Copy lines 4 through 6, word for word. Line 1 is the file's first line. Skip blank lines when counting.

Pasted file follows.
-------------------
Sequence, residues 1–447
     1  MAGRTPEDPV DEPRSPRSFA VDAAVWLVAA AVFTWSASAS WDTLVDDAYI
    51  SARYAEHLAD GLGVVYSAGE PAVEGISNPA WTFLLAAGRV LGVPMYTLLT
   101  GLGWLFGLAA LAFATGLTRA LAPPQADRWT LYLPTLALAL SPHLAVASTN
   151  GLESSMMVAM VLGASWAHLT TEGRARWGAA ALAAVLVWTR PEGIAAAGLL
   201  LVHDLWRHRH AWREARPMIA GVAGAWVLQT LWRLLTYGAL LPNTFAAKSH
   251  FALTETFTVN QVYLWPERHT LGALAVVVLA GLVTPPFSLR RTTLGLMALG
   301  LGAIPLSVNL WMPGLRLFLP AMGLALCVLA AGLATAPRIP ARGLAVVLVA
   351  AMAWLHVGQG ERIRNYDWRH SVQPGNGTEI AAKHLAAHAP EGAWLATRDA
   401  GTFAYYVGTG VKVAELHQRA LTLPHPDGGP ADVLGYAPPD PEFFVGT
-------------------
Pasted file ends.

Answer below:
   101  GLGWLFGLAA LAFATGLTRA LAPPQADRWT LYLPTLALAL SPHLAVASTN
   151  GLESSMMVAM VLGASWAHLT TEGRARWGAA ALAAVLVWTR PEGIAAAGLL
   201  LVHDLWRHRH AWREARPMIA GVAGAWVLQT LWRLLTYGAL LPNTFAAKSH